When should you use the conduit principal to draw funds from your trust?
I had an interesting meeting recently, the results of which ran contrary to my normal views. But there were good reasons.
These clients wanted to set up a property investment trust to produce income for their mother who has the money available to invest. They propose to shut the trust down and distribute the properties to the remaining beneficiaries (themselves) when she dies.
Normally, my proposal would include the following –
1) The client would be the founder of the trust
2) There would be a company between the trust and the properties and
However, in this case, we decided on none of the above. Why?
1) Because the trust is eventually going to distribute the properties to beneficiaries, we had to be sure that they were “relations” of the founder as defined in the Transfer Duties Act. The definition is “related within the 3rd degree of consanguinity” If one of the siblings were to be the founder, the question would arise, can he be a relation of himself? If not, then Transfer Duty would be payable on any property distributed to him. So we made the mother the donor.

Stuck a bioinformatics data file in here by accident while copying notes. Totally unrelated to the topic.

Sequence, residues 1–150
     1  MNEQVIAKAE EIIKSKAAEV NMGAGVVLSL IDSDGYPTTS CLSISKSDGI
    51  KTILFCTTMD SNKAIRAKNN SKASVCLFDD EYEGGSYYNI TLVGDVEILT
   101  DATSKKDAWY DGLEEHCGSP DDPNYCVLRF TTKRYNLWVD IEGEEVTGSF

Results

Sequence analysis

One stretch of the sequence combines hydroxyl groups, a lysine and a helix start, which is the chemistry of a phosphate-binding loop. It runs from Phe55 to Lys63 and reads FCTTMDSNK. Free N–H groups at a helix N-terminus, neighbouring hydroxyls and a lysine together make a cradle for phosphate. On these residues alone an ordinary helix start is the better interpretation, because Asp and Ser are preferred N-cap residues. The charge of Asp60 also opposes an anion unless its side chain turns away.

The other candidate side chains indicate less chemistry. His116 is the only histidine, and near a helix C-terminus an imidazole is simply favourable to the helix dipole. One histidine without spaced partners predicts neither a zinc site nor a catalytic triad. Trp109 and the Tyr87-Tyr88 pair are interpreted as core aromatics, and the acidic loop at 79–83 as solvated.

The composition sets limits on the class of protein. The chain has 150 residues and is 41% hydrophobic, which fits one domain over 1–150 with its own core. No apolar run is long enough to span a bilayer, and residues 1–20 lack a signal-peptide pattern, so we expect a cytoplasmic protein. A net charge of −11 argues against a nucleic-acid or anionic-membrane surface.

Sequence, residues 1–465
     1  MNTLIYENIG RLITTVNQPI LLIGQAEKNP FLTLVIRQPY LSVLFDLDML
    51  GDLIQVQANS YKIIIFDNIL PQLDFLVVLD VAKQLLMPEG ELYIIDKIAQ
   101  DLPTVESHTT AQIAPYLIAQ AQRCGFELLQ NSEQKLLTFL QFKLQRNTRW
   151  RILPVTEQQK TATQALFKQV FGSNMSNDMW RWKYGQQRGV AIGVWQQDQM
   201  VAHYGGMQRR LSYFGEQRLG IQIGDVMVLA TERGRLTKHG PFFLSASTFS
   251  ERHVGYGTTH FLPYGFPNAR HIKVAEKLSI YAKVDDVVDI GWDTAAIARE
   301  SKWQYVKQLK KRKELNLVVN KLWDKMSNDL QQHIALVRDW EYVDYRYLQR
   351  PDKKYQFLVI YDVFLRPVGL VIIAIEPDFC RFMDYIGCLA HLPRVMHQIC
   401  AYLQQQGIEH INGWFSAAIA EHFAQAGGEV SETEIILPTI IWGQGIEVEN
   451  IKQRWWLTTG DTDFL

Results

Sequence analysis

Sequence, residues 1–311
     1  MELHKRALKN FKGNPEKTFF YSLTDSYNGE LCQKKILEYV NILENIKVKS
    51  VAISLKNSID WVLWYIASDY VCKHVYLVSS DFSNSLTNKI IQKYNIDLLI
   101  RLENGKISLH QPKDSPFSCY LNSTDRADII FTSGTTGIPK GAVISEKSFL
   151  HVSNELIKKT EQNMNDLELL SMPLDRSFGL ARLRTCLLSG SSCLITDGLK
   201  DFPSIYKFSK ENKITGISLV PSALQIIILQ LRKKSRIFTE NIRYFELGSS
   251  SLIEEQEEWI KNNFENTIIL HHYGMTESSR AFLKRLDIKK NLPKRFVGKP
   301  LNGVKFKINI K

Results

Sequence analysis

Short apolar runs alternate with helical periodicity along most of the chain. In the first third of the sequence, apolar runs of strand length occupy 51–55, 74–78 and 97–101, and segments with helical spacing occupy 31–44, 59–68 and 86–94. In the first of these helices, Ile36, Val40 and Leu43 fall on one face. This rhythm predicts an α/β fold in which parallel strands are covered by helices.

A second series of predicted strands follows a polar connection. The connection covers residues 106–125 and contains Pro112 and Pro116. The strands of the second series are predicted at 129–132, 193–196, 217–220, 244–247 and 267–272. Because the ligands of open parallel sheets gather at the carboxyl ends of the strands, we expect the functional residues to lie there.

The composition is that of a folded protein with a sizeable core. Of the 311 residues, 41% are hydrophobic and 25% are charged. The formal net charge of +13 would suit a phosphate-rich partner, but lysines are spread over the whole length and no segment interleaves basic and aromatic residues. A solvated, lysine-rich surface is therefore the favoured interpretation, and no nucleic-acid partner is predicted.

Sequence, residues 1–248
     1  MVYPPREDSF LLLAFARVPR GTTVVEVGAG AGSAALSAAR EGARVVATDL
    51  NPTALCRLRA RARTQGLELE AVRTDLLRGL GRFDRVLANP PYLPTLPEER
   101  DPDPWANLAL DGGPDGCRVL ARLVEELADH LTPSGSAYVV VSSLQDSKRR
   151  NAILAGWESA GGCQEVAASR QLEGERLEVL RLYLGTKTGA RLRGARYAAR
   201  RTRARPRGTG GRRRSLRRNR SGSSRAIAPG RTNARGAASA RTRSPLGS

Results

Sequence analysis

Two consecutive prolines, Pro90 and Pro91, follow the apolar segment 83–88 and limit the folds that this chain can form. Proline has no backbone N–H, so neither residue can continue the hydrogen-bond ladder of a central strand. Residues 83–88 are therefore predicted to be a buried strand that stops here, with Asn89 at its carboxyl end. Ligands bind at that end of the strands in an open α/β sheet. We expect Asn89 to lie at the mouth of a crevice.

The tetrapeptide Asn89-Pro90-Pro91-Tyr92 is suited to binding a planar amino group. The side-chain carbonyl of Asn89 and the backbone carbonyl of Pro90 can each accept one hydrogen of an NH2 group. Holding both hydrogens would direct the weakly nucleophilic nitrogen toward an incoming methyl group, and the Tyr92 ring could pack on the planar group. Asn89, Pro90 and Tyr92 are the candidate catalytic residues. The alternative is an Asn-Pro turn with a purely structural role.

2) The trust is eventually going to distribute the properties to beneficiaries, so we also had to be sure that it owned the properties. The company could not distribute them. It would have to declare them as dividends in specie to the trust and withhold Dividends Withholding Tax.
3) Now that we accepted that the trust would own the properties, we didn’t want it to be taxed at 45%, so we will use the conduit principle to flow the income through to the mother before the tax year end of February, so that it is taxed in her hands.
So why do they need a trust at all? Why not this?
The mother will lend money to the trust to buy the properties. She will charge interest up to her tax-free limit. This enables the trust to flow only its net rental minus the interest to her as rental income and the balance as interest, so she earns some income (the interest) tax free.
The moral of the story? No “one size fits all”. Always consult an expert.